Cash Transactions : Know Which and Why to Avoid

The digital India initiative was introduced by Government of India on 1st July 2015. Based on the vision of transforming India into a digitally empowered economy, PM Narendra Modi inaugurated the thought and called it ‘to be the beginning of a new cashless economy’. While in the same event it was also stated that such moves of government can only bring India on a digital track and can uplift the economy from present hoes of cash.

Till now the major problem of the economy was driven by unaccounted money and business ways of working with cash. While still today we accept and transact in cash without giving it a second thought of legality. Cash transactions as obvious to say leave no proof of transaction which limits the tax liability and revenue of individual leading to tax evasion possibilities.

Earlier, even a minute transaction of business was done in cash which at the closing of the tax filing period was manipulated for showing ill losses of the business. But after the launch of this initiative, the government made rapid changes to the tax laws and provided several incentives to curb such practices. To limit cash in operations, the Section 269ST was introduced in the IT act as per which no cash transaction over Rs 2,00,000 would be permissible from FY 2017-18.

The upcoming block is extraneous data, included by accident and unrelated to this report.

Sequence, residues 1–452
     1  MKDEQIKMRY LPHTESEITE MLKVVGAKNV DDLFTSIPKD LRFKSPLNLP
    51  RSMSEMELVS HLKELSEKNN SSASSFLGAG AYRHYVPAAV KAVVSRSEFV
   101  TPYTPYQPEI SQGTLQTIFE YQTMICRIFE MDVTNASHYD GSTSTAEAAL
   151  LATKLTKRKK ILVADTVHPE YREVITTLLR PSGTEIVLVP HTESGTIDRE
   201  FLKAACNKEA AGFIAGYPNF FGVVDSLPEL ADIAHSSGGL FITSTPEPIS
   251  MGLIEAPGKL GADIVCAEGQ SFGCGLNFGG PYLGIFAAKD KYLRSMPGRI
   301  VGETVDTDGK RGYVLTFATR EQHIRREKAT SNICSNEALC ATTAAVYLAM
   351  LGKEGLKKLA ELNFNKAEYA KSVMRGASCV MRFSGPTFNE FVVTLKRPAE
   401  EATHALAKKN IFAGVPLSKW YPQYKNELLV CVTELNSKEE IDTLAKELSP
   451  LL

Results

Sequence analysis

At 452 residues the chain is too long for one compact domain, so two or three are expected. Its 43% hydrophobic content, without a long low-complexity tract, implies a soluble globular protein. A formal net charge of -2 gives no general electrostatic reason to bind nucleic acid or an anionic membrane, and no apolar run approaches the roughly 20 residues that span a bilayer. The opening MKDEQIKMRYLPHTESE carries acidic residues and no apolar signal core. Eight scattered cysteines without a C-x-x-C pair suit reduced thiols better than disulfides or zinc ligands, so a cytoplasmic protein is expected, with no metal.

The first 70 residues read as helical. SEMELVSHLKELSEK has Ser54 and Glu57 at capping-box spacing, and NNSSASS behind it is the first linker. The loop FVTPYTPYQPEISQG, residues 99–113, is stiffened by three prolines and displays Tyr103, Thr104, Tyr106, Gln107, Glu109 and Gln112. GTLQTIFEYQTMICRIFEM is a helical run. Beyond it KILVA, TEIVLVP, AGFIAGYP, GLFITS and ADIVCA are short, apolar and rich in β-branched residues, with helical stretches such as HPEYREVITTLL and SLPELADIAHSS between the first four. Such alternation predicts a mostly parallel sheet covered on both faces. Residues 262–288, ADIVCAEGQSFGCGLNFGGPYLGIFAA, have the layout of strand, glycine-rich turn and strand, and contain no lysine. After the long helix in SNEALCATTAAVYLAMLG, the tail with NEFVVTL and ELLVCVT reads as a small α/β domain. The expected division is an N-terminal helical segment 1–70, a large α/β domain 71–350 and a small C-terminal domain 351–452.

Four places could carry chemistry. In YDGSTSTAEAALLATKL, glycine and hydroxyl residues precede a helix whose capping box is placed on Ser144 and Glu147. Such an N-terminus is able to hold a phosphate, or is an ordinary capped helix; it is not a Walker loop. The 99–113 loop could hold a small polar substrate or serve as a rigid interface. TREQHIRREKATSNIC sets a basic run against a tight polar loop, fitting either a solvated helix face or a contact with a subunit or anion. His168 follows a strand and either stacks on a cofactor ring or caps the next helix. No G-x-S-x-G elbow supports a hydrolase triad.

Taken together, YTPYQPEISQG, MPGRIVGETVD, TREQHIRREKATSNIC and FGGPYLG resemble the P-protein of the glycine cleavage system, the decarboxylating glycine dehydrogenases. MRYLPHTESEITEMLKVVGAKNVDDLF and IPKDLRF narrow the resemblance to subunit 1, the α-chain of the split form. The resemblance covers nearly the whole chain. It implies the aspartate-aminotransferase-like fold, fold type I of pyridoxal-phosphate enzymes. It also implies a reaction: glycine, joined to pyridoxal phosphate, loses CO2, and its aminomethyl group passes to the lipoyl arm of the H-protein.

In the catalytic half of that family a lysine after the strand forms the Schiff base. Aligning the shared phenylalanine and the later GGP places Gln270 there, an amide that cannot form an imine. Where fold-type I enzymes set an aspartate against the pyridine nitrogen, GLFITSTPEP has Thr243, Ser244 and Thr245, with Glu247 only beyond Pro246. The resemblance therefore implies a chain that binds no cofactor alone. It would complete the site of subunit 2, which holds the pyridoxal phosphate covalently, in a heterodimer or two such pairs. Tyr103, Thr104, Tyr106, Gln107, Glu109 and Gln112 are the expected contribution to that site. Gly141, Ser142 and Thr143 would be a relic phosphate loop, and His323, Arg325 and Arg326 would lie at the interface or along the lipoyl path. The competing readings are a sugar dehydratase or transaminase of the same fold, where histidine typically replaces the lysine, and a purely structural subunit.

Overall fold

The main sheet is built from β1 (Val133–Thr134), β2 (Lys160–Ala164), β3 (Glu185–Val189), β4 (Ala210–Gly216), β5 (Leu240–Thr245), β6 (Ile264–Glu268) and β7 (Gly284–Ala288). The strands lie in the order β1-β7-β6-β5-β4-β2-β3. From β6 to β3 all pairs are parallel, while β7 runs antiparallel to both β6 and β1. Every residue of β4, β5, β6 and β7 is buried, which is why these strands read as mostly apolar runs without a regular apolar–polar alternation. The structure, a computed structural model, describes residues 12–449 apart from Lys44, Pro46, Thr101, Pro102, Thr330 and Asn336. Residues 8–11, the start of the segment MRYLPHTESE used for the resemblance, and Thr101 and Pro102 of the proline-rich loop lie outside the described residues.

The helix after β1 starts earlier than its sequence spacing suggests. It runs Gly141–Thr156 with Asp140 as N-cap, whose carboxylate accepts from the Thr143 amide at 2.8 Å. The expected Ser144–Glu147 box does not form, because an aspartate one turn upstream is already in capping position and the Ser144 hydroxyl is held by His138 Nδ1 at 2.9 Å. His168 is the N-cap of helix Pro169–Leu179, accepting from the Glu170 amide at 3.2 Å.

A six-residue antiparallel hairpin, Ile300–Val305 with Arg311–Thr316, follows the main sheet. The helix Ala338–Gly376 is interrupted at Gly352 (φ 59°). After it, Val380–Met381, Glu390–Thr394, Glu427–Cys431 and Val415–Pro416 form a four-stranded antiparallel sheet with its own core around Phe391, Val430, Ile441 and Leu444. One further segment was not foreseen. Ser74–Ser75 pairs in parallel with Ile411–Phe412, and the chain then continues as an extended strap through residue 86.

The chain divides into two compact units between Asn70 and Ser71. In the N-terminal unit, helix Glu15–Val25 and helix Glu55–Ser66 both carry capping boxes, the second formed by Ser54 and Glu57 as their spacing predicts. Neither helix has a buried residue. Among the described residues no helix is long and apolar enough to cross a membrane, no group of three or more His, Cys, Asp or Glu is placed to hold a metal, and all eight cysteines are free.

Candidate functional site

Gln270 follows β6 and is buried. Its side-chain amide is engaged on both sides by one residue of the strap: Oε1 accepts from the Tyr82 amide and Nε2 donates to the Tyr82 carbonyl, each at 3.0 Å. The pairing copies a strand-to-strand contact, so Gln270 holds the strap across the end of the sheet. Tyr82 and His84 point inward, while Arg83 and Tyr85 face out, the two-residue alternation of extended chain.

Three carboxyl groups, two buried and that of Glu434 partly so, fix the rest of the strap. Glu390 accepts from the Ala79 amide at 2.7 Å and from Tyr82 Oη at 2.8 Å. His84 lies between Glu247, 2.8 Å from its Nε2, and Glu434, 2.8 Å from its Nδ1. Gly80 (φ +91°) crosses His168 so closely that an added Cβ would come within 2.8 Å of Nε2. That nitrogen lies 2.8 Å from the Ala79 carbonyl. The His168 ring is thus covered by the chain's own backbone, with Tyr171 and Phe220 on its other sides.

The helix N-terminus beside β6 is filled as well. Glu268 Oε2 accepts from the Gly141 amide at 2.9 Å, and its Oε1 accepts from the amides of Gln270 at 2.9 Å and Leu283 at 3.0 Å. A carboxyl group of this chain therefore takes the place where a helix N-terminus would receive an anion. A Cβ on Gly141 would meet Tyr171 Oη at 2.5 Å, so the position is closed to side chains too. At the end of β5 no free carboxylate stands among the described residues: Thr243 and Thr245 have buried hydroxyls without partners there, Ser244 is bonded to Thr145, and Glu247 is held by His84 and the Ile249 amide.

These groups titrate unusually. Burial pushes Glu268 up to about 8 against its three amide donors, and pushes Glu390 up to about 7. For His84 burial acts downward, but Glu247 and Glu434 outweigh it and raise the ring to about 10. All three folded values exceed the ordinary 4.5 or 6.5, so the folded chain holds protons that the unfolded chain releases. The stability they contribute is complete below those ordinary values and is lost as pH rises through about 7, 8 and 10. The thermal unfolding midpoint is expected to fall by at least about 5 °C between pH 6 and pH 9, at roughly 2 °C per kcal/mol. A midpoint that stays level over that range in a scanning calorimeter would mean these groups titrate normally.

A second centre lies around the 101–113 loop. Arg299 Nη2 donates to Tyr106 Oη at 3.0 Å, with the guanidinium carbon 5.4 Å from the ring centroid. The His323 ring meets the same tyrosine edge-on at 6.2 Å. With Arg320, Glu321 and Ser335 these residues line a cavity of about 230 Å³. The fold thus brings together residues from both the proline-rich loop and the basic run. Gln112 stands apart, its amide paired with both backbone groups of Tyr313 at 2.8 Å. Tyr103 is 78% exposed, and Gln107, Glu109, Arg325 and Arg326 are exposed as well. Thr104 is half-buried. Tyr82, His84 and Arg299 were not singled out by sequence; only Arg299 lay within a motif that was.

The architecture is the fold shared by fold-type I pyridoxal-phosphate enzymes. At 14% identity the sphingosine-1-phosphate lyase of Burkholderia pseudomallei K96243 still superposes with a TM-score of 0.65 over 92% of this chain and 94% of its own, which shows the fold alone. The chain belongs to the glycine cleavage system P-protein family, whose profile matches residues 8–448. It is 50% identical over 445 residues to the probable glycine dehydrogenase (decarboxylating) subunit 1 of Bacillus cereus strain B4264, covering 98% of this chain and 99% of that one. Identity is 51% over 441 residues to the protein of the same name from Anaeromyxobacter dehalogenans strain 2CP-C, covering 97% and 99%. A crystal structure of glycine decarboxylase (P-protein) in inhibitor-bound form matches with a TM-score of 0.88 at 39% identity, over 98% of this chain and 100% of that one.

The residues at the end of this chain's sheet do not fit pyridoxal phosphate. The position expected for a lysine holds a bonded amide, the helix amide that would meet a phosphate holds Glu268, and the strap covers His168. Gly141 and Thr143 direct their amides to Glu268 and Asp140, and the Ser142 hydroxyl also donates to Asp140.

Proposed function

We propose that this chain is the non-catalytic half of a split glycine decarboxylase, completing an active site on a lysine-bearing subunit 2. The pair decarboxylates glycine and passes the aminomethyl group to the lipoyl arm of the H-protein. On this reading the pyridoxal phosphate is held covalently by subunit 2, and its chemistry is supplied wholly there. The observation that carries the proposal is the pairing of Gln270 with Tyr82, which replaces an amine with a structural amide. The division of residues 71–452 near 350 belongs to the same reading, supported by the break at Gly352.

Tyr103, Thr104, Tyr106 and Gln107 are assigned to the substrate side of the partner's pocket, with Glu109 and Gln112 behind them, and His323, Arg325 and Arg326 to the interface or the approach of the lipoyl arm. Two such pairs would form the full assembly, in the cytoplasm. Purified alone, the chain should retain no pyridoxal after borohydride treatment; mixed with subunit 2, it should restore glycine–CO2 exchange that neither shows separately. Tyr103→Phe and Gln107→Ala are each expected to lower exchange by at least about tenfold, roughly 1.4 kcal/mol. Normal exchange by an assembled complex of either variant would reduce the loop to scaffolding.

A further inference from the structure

Other than this following cash restrictions were placed as:

Restriction on Daily Cash Acceptable Limit:

It was proposed in the budget of 2017-18, accepting cash to Rs 2 lakh in a single day from a single person for a single transaction would only be allowed.

Receipt and Repayment in cash:

Receiving or making payment for purchase, transfer or any transaction related to any immovable property with cash Rs 20,000 or more can invite for a greater tax liability as per new amendments. Adding up a penalty provision on the receiver, it has also been stated that for above transaction it is the receiver of cash who would be penalized only and not the paying party i.e it is the recipient who is at fault for receiving huge sum and not saying no to cash.

Cash in Business:

If the business transaction value is above Rs 10,000 in cash, it will provisionally attract a tax liability from the department.


As per the inserted section 269ST, donations made to any charitable institute, political party, registered or any un-registered trust in cash above Rs 2,000 is not permissible.

Tax Exempted Payments

In addition to above-stated cash restrictions, it was also suggested to disallow deductions and exemptions availed by the taxpayer as provided by various sub-laws of IT Act, if made in cash.

In 2017-18, the Finance Minister Mr. Arun Jaitley proposed the annual budget where he proposed to put a strict ban over cash transaction of over Rs 3,00,000. The limit proposed was later lowered to Rs 2,00,000 proposing some new amendments in the Finance Bill.

To put the proposed obligations more seriously, another penal Section 271DA was also introduced, where it was stated- to penalize the receiver to an amount equal to the amount of transaction dealt in cash over the above-stated limit. While the section relieves the paying party, it also provides a confined opportunity to the recipient to prove their case for no penalty provision.

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